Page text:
Who eats meat? Comparing carnivores and global intakes
The amount of meat people eat varies widely around the world. The Food and Agriculture Organisation Corporate Statistical Database (FAOSTAT) website disseminates statistical data collected and maintained by the Food and Agriculture Organisation of the United Nations. They produce food balance sheets presenting a comprehensive picture of the pattern of a country’s food supply during a specified period.
Figure 6.0 Annual meat consumption (kg per person) for 2011 for selected countries.
Source: FAOSTAT, 2015.
Figure 6.0 shows the lowest levels of meat consumption are seen in parts of Asia, Africa and the Middle East. In 2011, the average intake of meat in India was just 4kg per person over the year. In Ethiopia, it was 8kg and in Iraq it was 19kg, considerably lower than the world average intake of 42kg. Among the top consumers for 2011 were New Zealand (127kg), Australia (121kg), the US (117kg), Austria (106kg) and Israel (102kg). The average intake per person in the UK was 82kg, a little less that Italy and France and close to the average across the European Union of 83kg.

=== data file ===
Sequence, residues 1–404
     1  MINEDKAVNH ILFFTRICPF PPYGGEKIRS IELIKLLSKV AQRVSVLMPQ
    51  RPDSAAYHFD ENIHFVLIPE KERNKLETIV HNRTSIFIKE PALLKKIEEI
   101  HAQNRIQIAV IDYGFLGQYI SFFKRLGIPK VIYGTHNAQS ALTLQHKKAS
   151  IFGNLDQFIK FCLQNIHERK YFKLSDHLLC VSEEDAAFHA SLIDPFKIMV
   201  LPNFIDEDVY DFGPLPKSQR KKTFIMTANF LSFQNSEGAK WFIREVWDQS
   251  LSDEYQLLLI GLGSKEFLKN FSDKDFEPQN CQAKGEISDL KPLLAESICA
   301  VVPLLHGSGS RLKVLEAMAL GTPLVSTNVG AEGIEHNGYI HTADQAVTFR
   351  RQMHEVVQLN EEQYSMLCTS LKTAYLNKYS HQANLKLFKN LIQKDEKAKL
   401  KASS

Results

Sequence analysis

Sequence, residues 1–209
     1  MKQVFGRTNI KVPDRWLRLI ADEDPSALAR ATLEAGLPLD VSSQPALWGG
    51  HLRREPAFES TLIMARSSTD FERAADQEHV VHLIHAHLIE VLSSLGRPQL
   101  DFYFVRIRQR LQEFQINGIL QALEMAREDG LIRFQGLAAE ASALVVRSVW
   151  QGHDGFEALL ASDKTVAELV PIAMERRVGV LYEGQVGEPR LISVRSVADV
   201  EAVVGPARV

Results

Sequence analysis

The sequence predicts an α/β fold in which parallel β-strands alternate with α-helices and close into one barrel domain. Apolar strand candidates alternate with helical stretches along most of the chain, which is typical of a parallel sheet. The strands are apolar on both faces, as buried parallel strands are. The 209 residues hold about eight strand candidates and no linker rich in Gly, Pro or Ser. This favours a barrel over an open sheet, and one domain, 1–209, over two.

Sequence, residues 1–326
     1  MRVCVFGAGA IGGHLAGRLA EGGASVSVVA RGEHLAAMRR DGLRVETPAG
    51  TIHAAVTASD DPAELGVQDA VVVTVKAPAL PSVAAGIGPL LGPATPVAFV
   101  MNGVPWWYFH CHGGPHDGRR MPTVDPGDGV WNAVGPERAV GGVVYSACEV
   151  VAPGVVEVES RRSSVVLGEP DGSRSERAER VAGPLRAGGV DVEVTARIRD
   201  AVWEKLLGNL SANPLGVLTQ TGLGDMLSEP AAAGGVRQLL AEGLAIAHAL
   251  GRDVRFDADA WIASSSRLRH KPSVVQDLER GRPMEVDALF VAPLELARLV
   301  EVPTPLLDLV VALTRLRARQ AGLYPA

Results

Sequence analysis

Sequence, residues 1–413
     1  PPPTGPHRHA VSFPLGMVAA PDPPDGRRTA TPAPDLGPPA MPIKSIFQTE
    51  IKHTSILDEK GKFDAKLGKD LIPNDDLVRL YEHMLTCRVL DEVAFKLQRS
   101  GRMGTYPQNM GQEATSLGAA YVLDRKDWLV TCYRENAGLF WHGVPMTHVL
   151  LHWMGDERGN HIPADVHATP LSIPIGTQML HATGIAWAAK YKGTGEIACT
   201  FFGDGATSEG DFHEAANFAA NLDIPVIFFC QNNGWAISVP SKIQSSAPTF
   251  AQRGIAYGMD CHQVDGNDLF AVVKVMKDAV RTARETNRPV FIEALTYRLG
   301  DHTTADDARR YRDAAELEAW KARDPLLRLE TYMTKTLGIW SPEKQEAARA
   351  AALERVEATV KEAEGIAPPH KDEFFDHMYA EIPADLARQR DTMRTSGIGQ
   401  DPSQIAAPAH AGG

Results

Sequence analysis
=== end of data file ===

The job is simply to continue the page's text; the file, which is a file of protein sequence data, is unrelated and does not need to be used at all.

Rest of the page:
In general, wealthier countries consume more meat. However, there are exceptions; meat consumption in Brazil (93kg per year) was higher than that in France (89kg per year) although Brazil has a gross domestic product (GDP) per capita less than a third of that in France (World Bank, 2015).